Preventing Unintended Pregnancy and HIV Transmission: Effects of the HIV Treatment Cascade on Contraceptive Use and Choice in Rural KwaZulu-Natal

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Preventing Unintended Pregnancy and HIV Transmission: Effects of the HIV Treatment Cascade on Contraceptive Use and Choice in Rural KwaZulu-Natal

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Title: Preventing Unintended Pregnancy and HIV Transmission: Effects of the HIV Treatment Cascade on Contraceptive Use and Choice in Rural KwaZulu-Natal
Author: Raifman, Julia; Chetty, Terusha; Tanser, Frank; Mutevedzi, Tinofa; Matthews, Philippa; Herbst, Kobus; Pillay, Deenan; Bärnighausen, Till

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Citation: Raifman, Julia, Terusha Chetty, Frank Tanser, Tinofa Mutevedzi, Philippa Matthews, Kobus Herbst, Deenan Pillay, and Till Bärnighausen. 2014. “Preventing Unintended Pregnancy and HIV Transmission: Effects of the HIV Treatment Cascade on Contraceptive Use and Choice in Rural KwaZulu-Natal.” Journal of Acquired Immune Deficiency Syndromes (1999) 67 (Suppl 4): S218-S227. doi:10.1097/QAI.0000000000000373. http://dx.doi.org/10.1097/QAI.0000000000000373.
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Abstract: Background: For women living with HIV, contraception using condoms is recommended because it prevents not only unintended pregnancy but also acquisition of other sexually transmitted infections and onward transmission of HIV. Dual-method dual-protection contraception (condoms with other contraceptive methods) is preferable over single-method dual-protection contraception (condoms alone) because of its higher contraceptive effectiveness. We estimate the effect of progression through the HIV treatment cascade on contraceptive use and choice among HIV-infected women in rural South Africa. Methods: We linked population-based surveillance data on contraception collected by the Wellcome Trust Africa Centre for Health and Population Studies to data from the local antiretroviral treatment (ART) program in Hlabisa subdistrict, KwaZulu-Natal. In bivariate probit regression, we estimated the effects of progressing through the cascade on contraceptive choice among HIV-infected sexually active women aged 15–49 years (N = 3169), controlling for a wide range of potential confounders. Findings: Contraception use increased across the cascade from <40% among HIV-infected women who did not know their status to >70% among women who have been on ART for 4–7 years. Holding other factors equal (1) awareness of HIV status, (2) ART initiation, and (3) being on ART for 4–7 years increased the likelihood of single-method/dual-method dual protection by the following percentage points (pp), compared with women who were unaware of their HIV status: (1) 4.6 pp (P = 0.030)/3.5 pp (P = 0.001), (2) 10.3 pp (P = 0.003)/5.2 pp (P = 0.007), and (3) 21.6 pp (P < 0.001)/11.2 pp (P < 0.001). Conclusions: Progression through the HIV treatment cascade significantly increased the likelihood of contraception in general and contraception with condoms in particular. ART programs are likely to contribute to HIV prevention through the behavioral pathway of changing contraception use and choice.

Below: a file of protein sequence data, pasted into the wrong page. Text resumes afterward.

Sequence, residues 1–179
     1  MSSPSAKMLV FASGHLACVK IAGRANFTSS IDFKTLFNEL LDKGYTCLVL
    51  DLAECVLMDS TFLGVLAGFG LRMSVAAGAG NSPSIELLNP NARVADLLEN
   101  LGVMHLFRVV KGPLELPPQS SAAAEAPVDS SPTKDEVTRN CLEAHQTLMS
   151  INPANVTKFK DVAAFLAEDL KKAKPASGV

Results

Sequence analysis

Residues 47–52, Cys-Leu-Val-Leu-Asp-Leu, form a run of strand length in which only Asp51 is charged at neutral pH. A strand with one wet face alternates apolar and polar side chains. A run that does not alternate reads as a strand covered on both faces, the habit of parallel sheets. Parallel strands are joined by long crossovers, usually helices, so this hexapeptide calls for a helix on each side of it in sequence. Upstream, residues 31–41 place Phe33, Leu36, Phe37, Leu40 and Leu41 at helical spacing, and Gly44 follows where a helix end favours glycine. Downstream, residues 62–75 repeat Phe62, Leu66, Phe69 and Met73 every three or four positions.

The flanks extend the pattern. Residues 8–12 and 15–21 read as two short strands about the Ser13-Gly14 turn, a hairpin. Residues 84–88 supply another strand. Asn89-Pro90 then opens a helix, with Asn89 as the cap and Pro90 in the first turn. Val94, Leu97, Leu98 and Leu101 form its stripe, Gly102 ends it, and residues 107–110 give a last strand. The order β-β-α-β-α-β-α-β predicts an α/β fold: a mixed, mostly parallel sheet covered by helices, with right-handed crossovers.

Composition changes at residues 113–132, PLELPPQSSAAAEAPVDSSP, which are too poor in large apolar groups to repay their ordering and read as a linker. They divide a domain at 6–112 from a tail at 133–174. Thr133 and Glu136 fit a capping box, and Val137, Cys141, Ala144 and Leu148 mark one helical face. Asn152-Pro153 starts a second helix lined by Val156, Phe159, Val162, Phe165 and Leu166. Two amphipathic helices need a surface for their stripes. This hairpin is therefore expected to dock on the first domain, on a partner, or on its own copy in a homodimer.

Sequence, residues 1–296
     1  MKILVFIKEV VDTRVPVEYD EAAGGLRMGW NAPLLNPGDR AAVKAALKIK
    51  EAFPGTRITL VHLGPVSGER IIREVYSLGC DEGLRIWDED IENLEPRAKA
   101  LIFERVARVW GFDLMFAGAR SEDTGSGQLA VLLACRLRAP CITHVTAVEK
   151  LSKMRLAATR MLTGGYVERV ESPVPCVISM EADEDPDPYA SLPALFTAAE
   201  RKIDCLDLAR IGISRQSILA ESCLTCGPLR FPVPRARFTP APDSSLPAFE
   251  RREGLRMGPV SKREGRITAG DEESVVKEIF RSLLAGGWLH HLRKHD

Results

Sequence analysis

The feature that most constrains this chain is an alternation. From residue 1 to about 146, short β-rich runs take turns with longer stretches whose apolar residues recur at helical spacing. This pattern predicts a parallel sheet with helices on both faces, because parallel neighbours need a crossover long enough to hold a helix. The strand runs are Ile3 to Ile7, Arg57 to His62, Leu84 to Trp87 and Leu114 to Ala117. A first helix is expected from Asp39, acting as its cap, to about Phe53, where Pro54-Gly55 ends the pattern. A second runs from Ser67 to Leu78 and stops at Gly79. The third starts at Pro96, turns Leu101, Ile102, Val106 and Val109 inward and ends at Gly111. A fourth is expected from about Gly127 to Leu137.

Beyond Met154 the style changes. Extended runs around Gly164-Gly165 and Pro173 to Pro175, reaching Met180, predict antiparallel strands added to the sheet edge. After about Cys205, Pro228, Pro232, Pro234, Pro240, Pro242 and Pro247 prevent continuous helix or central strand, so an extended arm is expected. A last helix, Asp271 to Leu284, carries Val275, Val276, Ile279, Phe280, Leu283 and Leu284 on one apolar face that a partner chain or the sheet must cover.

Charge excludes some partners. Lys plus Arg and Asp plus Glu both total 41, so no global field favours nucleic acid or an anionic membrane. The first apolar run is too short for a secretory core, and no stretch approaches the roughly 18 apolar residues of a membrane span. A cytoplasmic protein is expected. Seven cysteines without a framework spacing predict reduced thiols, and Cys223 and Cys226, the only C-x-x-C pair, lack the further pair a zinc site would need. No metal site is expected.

Published Version: doi:10.1097/QAI.0000000000000373
Other Sources: http://www.ncbi.nlm.nih.gov/pmc/articles/PMC4251916/pdf/
Terms of Use: This article is made available under the terms and conditions applicable to Other Posted Material, as set forth at http://nrs.harvard.edu/urn-3:HUL.InstRepos:dash.current.terms-of-use#LAA
Citable link to this page: http://nrs.harvard.edu/urn-3:HUL.InstRepos:13581074
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